Diamagnetism is a magnetic property first discovered in 1778 by Dutch scientist Sebald Justinus Brugmans. He discovered the property while using bismuth and antimony and realized they were repelled by magnetic fields. It wasn’t until 1845 that English scientist Michael Faraday named the property diamagnetism while studying elements and compounds that exhibited negative magnetism, meaning they were pushing away from the magnet. In layman's terms, diamagnetism is a property that every element possesses, which causes a weak repulsion from a magnetic field. In contrast, some elements also possess ferromagnetism and paramagnetism, which causes them to be strongly attracted or repulsed by the magnetic field.

To show diamagnetism, you can use a DIY magnet experiment with a common everyday food, grapes, to show small repulsion when exposed to a strong rare earth magnet. This experiment will only work with neodymium magnets because of the strong magnetic field they produce.    



  1. Tie one end of the string to the middle of the straw.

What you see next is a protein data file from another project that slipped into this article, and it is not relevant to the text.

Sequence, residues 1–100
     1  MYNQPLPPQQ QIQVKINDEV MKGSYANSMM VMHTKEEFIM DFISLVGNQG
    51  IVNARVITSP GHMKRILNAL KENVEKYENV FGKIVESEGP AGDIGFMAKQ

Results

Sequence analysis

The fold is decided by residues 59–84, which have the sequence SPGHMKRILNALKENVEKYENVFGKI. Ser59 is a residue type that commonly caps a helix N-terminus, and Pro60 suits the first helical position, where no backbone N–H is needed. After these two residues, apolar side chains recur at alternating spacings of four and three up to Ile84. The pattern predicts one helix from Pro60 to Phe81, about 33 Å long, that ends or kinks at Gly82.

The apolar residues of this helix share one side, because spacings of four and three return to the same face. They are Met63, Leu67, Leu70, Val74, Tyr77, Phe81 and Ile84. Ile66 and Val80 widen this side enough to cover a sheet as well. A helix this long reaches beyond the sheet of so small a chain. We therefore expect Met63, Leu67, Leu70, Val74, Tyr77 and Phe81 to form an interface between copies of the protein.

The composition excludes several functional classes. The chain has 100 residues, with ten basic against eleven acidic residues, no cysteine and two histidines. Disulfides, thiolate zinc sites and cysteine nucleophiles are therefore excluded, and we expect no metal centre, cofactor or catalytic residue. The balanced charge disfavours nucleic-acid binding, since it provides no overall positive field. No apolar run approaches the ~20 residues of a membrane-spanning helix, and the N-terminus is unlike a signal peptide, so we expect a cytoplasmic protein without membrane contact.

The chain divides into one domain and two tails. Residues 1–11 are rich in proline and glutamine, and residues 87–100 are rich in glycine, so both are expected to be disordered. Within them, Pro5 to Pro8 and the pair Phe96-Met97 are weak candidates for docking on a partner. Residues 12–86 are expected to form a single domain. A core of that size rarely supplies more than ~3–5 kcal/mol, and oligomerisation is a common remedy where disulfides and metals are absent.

2. Attach the other end of the string to your fixture or the edge of a desk with the tape. Be sure that the stand allows the string to spin the straw circularly.
  3. Push each grape onto the ends of the straw. You may need to push one grape further into the straw depending on the weight. You want the straw to stay level when not in motion.
  4. Bring the magnet close to the grape without touching. Watch as the magnet pushes it slowly away. Now turn the magnet so that the opposite polarity faces the grape. Does the grape still push away from the magnet?

Because the magnet pushes the grape away regardless of the polarity, we know the grape is diamagnetic. Materials that are diamagnetic are repelled by both magnetic poles because the electrons pair with electrons of the opposite spin.

Now you may be wondering why the grape is diamagnetic, well, it’s because grapes are mainly made of water, which is diamagnetic. Other common compounds that are diamagnetic are items like wood, petroleum, and some plastics.

Using this material, you can now test other everyday objects that might possess the property of diamagnetism. Let us know in the comments section if you find any items we should try as well!

Image by Tribp